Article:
With so many Manual Therapy choices out there, how do you decide which one is for you when you throw your back or neck out? Or when you sprain your knee playing kick to kick with the kids?
I would like to shed some light on the main three that get compared to each other, Physiotherapy, Chiropractic Medicine and Osteopathy and help you make the best decision for your injury.
AT Still, the founder of Osteopathy established the School of Osteopathy in 1892 after he became disillusioned with the medical system after the death of his wife and 3 daughters to spinal meningitis.
He named his modality ‘Osteopathy’ as he believed the the osteon, or bone, was the starting point to find the cause of pathological conditions. He also believed that the body could produce it’s own medicines and a practitioner needs to promote good function so that the body can work effectively, therefore creating the holistic approach that is the basis of Osteopathy.
Techniques that Osteopaths use include Spinal Manipulation or HVLA (High Velocity Low Amplitude) thrust techniques, Muscle Energy Techniques (a version of resisted stretching), Myofascial Release techniques, Counter Strain and exercise prescription.
Osteopaths are registered with the Australian Health Practitioners Health Agency and study for 5 years before practising.
Chiropractic Medicine was established in 1895 by D.D. Palmer, potentially after studying Osteopathy with AT Still where he believed that vertebral joint misalignments or vertebral subluxations interfered with the body’s function and it’s ability to heal itself leading to disease.
By taking this holistic view, Chiropractic Medicine uses Spinal Manipulation Therapy to assist with many different injuries and diseases but is most commonly supported by evidence based medicine for the treatment of low back pain, sciatica and short term relief for neck pain.
Most modern Chiropractor’s are now using muscle release techniques such as deep tissue massage, stretching and exercises to assist with pain relief and prevention.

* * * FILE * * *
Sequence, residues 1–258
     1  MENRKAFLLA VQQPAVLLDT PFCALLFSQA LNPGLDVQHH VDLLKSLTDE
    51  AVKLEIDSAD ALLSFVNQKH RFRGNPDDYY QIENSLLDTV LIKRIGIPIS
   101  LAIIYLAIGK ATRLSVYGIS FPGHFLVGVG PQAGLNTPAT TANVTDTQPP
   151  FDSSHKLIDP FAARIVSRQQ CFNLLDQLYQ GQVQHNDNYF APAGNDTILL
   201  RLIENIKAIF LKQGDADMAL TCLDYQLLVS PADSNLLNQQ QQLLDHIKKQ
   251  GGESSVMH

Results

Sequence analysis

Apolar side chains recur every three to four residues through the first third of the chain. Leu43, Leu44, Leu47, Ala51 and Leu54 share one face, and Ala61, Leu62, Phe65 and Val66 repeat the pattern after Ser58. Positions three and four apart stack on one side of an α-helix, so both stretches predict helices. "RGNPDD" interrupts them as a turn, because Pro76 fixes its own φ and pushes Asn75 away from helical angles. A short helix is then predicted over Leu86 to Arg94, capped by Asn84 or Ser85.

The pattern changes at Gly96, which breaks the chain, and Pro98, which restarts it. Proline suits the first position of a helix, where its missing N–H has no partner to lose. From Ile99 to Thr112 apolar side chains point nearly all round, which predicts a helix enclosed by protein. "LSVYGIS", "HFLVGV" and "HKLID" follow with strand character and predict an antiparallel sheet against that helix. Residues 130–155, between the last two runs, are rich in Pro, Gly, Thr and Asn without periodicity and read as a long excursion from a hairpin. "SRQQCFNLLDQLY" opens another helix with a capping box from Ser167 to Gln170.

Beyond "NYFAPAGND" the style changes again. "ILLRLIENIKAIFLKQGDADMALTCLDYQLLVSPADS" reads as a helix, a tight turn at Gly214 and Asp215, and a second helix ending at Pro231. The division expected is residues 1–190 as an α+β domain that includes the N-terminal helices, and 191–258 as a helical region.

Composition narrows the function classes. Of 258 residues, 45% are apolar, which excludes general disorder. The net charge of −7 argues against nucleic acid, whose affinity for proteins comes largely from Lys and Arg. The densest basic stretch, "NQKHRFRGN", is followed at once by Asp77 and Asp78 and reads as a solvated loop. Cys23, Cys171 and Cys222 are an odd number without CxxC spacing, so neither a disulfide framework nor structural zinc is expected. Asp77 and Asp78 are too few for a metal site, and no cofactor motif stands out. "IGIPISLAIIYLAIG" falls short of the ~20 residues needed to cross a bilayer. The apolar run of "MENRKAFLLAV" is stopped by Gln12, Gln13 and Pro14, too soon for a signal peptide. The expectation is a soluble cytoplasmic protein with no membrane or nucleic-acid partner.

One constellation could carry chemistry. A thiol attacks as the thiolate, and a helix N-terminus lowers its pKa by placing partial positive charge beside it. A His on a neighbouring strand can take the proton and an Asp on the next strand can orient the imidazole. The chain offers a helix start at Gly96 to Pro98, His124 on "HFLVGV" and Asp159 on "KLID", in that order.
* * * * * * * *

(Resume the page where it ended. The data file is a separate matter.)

Chiropractors are registered with the Australian Health Practitioners Health Agency and study for 5 years before practising.
The principles of Physiotherapy are as old as the hills but organised Physiotherapy began after World War I when women were recruited to assist in restoring function for injured soldiers by using massage and mobilisation exercises and the term ‘Reconstruction Aide’ was used.
As the years went on, the practice developed with more techniques, including traction and manipulation and began to resemble what we now know as Physiotherapy around the 1950’s.
Originally Physiotherapy was developed for post surgical recovery, it is now used for most musculoskeletal complaints including neck and back pain and sporting injuries.
Physiotherapists are registered with the Australian Health Practitioners Health Agency and study for 4 years before practising. Some will continue their study and do a Master of Sports Physiotherapy which is extra year.
Are Consultations Very Different?
With all the above modalities, a visit will include;
- a through and detailed history will be taking to determine the cause and extent of your condition.
- A region specific or whole body assessment depending on your condition to find what restrictions and pain sensitive tissues you may have.
- Manual treatment techniques will be used that will be appropriate to your condition. Some of these may be slightly painful as your practitioner will be working on painful tissue, but it should never be excruciating.
- Post Treatment may include taping, exercises, stretching, daily activities modification (eg sleeping, work station) to help you to continue to heal after the session.
As you can see, there isn’t a whole lot of difference between the techniques used by Osteopaths, Chiropractors or Physiotherapists and we all continue to learn after we finish official study so the lines between the modalities become very blurred as we share techniques to make sure our treatments are getting you better as fast as we can.